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Johnson, Stan L[SMTP:Stan.L.Johnson@state.me.us] wrote:
>which s/he is ethically entitled to payment. Tha argument the folks are
>advancing is more, I think, that, to try to cut to the core, if I
>purchase a piece of software, in hard copy or downloaded, for personal
>use, I should be allowed (under the contract) to make any normal personal
>use of it I choose. Clearly a field ripe for lawyers to clarify, but the
>terms that people are reporting built into licenses are absurd.
Yep, I've often wondered how far the license can go:
"You may NOT use this software on Sunday's between 8AM and 1PM,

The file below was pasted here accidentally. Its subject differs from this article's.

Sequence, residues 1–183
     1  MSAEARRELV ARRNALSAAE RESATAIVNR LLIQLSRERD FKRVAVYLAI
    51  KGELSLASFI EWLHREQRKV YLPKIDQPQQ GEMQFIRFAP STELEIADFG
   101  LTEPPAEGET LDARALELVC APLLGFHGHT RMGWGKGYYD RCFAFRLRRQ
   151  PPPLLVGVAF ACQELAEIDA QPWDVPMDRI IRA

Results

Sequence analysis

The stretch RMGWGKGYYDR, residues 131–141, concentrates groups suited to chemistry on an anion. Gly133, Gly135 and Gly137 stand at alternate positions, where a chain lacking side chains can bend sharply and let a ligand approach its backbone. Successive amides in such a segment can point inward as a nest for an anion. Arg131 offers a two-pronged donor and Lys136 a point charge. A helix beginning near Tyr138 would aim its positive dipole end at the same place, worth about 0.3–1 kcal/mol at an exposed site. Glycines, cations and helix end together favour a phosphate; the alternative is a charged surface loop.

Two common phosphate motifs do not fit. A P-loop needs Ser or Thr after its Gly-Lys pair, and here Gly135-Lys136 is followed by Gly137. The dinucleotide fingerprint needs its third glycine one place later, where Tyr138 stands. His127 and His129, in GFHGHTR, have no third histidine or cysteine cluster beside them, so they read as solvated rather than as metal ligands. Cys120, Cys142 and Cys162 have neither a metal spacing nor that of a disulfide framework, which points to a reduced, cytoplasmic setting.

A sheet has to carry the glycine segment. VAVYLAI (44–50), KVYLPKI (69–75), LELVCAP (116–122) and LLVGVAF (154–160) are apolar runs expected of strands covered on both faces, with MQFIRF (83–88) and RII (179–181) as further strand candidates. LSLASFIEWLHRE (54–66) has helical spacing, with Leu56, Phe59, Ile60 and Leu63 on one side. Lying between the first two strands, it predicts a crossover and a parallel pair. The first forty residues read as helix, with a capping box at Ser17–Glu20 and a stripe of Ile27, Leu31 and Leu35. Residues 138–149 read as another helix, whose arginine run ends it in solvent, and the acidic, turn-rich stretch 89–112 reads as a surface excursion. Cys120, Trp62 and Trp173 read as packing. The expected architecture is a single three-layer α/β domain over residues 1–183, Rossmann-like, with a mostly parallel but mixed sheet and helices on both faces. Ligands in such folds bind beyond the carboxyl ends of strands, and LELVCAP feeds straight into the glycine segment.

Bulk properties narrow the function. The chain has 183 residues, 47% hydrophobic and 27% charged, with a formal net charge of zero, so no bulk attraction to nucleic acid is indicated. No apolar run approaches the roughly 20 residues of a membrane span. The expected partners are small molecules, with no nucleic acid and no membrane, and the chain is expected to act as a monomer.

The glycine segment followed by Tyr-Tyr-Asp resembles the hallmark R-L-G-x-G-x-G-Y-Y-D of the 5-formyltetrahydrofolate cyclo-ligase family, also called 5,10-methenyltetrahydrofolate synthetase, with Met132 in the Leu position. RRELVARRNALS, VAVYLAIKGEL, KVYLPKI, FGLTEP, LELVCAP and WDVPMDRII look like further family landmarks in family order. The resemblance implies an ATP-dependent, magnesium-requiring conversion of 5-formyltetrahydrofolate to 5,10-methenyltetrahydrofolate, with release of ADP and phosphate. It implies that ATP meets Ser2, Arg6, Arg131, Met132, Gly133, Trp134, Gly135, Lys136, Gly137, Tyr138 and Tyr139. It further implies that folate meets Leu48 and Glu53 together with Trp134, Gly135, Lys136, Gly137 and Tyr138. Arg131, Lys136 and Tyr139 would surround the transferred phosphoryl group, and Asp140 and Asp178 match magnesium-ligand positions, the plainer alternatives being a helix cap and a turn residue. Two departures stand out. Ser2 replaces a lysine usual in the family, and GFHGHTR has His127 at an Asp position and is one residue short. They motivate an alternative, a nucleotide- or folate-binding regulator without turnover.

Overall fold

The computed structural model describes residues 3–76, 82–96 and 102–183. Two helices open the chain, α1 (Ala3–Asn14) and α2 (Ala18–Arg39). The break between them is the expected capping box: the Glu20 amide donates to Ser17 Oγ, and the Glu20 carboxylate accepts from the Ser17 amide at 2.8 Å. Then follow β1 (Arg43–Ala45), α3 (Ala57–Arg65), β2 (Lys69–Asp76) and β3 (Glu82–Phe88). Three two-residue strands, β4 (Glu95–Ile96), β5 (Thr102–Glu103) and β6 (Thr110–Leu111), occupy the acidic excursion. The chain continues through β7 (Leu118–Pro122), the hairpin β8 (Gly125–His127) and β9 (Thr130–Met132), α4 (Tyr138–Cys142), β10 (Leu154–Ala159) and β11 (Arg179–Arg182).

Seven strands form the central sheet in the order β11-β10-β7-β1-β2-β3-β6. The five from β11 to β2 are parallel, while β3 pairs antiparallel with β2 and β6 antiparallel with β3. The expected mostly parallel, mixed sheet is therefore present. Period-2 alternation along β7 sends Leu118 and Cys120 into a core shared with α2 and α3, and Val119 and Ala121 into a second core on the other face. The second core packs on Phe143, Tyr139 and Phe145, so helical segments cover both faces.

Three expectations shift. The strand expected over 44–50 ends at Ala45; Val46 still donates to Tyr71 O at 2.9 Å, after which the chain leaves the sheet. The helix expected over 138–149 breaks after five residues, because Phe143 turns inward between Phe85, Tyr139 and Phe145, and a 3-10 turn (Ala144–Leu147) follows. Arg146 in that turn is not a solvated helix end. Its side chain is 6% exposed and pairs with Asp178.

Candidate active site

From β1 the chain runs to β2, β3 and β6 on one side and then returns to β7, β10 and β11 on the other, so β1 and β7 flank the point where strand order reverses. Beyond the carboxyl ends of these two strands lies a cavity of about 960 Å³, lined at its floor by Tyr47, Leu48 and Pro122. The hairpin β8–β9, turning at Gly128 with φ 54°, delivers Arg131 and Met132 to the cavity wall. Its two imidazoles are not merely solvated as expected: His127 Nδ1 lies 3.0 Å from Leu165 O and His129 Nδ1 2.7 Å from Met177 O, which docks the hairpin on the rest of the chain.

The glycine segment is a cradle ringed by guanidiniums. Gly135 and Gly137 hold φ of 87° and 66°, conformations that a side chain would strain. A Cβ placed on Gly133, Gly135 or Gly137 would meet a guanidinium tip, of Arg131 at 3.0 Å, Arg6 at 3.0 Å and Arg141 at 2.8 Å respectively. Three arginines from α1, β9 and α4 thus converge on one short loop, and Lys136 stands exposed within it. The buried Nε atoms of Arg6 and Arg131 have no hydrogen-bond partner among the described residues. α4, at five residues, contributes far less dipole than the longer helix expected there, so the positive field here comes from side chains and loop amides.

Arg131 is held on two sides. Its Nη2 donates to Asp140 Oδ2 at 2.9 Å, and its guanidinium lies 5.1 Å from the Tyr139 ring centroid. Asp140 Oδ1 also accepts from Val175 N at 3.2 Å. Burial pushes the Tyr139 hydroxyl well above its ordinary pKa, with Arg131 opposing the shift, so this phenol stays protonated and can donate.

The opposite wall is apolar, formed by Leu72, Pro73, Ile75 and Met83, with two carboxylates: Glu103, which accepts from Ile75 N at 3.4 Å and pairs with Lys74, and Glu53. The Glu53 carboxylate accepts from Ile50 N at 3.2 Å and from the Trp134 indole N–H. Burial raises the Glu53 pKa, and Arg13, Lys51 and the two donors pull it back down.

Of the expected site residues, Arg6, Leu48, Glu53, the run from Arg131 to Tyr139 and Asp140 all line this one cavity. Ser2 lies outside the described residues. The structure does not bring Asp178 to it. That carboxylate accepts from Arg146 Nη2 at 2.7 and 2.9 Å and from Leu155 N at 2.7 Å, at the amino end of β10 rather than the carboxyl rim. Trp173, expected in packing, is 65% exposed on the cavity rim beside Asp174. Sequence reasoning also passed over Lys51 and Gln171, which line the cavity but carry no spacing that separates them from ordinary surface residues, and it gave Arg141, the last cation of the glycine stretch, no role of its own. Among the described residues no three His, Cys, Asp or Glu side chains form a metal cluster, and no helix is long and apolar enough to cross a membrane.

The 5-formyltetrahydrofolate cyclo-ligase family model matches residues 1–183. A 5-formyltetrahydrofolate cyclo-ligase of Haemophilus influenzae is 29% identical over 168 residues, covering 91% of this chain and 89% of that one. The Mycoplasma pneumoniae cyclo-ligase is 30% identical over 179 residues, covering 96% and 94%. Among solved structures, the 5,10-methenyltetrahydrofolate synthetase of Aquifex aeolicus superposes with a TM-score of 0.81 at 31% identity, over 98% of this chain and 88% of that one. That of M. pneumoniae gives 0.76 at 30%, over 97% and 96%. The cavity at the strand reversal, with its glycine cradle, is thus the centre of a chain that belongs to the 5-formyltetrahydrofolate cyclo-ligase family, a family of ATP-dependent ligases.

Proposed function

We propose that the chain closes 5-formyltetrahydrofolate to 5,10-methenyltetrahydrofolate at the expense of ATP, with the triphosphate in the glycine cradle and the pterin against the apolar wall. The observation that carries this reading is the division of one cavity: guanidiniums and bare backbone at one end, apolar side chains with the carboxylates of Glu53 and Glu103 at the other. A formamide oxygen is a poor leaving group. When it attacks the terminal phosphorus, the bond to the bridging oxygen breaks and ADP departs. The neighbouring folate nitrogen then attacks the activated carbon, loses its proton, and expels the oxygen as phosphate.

unless there was a full moon the night before"
But, how many cases of MS prosecuting a license violator do you know of? I've
never heard of any. PC software is so widely pirated, there's no way to monitor
or enforce any of the terms for most of it except in some very high visibility cases,
or disgruntled employees blowing the whistle on a company that uses a program
for profit but violates license terms. I do think a person should be able to disassemble,
reverse engineer, etc. copyrighted software to see how it works, what it's doing, but
it would be dangerous to lift whole sections of code, incorporate it in one's own
work and then resell it.
It's just there for protection - if the agreement says "Java should not be used for
controlling nuclear power plants, air traffic control or kidney dialysis machines", but
you say to hell with that, I'll do what I want, and then a bug causes a meltdown or
somebody get's killed, the authors can avoid liability for the accident by pointing out
that it says in the agreement not to do that! Don't blame us!
- From: Christopher Pall <email@example.com>